I find it very unlikely that Ray’s triceps is torn – at the very least not the same part of the arm that almost immediately sidelines every player who suffers such a tear. Ray is a pretty tough guy and without question he’s a warrior and a gladiator. But Superman he is not. A torn triceps is Kryptonite to any football player.

That said, clearly Ray was in obvious pain. When he was hit with the deserved horse collar tackle penalty, Ray looked up at the official like a kid with his hand in an off limits cookie jar. It was the only thing that Ray could do to bring down Rudi Johnson and at that very moment I wondered if No. 52 was down for no less than the night and possibly a lot longer.

But Ray stuck it out and in doing so he sent a message to his teammates. They banded together and eventually held the Bengals vaunted offense to 236 total net yards, only 50 of which came after the break. The effort was one originating from the heart. Rex Ryan’s unit showed an incredible amount of grit and determination while placing the greater good of the team above that of the defense’s.

I discussed this with Bart Scott on The Hot Sauce with Bart Scott. He said a few interesting things which could factor into the Ravens success later on this season. First Bart said that Ray’s ability to stick it out and fight through the pain was a classic case of leading by example. If the leader of the defense can do it, so too can everyone else.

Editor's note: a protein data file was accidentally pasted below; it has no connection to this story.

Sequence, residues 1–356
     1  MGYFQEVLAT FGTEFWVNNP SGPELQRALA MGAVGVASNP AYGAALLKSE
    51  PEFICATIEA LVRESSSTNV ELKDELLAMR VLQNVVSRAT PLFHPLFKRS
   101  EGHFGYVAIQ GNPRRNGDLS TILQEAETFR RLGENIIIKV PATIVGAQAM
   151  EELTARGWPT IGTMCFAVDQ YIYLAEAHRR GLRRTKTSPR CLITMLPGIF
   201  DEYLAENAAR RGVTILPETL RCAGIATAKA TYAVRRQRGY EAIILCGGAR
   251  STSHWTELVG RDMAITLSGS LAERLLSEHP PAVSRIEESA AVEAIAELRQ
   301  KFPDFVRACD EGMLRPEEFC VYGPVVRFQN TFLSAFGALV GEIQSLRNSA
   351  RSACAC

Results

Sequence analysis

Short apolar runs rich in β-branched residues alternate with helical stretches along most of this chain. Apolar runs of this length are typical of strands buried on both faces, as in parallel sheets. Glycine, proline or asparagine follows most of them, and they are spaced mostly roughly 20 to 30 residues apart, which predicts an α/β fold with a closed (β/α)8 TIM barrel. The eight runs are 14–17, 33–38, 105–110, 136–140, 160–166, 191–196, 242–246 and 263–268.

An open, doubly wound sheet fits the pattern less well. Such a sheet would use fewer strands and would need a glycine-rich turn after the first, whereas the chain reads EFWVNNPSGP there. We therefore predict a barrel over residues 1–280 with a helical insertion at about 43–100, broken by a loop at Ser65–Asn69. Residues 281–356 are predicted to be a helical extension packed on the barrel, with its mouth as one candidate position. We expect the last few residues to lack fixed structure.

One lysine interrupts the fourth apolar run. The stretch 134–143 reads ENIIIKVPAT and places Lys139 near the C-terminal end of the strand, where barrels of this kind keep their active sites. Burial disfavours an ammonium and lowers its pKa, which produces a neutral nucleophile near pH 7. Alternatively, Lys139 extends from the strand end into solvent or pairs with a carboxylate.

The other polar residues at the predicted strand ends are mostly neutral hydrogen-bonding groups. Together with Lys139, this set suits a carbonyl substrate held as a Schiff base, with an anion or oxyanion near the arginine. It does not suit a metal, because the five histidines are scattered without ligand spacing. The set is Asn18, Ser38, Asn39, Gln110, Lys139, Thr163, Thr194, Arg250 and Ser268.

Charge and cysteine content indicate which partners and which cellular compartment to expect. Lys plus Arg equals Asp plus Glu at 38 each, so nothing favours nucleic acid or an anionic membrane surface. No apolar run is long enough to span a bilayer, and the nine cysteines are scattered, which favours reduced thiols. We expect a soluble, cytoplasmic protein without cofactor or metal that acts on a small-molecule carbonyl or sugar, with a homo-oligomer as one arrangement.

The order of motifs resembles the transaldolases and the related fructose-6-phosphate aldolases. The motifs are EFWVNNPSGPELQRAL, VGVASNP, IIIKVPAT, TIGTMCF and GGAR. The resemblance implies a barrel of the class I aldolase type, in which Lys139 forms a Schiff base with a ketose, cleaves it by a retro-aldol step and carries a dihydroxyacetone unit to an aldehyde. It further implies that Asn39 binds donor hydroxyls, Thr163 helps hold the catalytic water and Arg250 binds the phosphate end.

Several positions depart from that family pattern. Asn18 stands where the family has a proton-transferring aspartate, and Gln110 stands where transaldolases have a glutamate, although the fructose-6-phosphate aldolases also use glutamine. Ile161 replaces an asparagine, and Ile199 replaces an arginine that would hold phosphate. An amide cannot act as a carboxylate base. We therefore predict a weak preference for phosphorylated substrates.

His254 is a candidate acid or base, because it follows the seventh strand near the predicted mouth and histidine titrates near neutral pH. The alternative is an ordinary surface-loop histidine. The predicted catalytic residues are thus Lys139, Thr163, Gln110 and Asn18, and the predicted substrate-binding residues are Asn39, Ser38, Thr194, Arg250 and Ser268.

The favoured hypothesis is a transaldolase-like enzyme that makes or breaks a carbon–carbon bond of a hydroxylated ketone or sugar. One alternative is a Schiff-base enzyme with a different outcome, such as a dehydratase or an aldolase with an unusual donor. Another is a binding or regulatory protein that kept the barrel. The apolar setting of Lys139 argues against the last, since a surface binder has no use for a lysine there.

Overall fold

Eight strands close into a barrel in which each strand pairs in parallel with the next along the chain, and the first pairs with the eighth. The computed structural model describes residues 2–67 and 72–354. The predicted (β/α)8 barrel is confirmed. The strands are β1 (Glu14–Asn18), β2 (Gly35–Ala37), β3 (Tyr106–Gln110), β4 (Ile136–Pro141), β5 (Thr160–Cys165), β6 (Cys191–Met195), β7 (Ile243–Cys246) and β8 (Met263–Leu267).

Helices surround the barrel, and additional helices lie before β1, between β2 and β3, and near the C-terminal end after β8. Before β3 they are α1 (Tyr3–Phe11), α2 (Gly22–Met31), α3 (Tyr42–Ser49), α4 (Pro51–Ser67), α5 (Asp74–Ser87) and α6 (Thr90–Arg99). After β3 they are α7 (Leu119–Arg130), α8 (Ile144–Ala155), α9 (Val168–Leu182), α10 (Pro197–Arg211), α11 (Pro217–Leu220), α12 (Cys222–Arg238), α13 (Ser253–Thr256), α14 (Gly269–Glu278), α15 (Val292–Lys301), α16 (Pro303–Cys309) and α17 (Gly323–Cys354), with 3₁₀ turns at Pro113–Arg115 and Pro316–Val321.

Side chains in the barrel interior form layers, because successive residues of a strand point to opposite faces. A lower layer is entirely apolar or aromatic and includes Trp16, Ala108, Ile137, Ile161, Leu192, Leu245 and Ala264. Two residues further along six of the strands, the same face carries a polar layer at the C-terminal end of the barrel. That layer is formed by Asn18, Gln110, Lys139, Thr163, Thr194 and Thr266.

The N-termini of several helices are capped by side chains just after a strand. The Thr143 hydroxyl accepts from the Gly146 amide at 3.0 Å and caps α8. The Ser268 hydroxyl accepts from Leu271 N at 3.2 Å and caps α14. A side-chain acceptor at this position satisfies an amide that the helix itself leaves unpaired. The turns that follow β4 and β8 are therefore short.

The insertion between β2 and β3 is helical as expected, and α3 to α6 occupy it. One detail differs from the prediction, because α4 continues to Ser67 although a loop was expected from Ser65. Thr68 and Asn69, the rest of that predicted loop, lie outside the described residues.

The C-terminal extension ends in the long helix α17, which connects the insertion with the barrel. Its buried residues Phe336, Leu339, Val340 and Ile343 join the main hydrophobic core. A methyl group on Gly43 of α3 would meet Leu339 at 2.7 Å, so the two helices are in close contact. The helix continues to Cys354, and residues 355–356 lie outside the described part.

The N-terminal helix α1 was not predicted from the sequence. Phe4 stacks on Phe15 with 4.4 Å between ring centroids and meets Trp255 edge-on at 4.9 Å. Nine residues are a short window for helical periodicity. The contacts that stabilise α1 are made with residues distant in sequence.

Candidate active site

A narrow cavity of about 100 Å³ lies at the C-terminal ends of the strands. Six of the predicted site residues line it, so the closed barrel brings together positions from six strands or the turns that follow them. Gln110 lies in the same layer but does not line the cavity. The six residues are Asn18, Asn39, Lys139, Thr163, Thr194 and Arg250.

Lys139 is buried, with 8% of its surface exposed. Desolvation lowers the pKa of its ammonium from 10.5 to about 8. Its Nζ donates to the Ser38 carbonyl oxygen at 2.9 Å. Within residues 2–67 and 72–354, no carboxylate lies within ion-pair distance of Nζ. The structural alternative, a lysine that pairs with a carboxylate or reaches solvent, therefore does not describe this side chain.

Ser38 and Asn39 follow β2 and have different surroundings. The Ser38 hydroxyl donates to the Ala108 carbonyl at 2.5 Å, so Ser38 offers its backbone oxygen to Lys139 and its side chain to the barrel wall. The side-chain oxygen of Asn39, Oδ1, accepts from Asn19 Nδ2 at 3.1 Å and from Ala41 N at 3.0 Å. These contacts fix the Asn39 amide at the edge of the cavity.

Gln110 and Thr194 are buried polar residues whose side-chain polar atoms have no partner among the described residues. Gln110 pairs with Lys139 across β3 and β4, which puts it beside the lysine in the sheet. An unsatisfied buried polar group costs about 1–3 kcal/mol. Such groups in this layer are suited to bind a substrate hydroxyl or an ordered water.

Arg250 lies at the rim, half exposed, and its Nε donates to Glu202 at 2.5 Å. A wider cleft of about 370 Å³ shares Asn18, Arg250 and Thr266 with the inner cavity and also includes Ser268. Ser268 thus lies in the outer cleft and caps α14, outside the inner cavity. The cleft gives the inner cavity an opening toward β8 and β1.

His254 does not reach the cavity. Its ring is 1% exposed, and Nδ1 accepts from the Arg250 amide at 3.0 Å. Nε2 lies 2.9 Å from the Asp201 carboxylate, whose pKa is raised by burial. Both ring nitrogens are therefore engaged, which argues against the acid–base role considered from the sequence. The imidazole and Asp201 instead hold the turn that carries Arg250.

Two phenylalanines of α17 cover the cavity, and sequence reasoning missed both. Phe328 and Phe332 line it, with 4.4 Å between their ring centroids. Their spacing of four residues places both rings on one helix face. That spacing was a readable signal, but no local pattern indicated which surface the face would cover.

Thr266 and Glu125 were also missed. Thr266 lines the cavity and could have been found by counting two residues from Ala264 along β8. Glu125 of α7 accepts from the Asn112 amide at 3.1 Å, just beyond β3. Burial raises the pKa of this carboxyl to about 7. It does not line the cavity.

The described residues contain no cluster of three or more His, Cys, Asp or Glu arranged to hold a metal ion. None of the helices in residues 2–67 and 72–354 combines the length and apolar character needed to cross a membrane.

Bart also said that through his willingness to play through the pain, as the leader of the defense Ray earned the right to encourage an injured teammate to do the same.

I also wondered how the Ravens defense could continually refrain from pointing the finger at a consistently inconsistent and frustrating offense. In so many words Bart said, “That’s what we do!”

But we don’t go for 2 ~ There has been some speculation that if Todd Heap’s touchdown nullified by offensive pass interference had counted, Brian Billick was preparing his team to go for 2 to win the football game. Conventional wisdom suggests that you play for the win on the road and the tie at home.

Those conventional wise men are obviously not familiar with the Ravens lack of success in short yardage situations.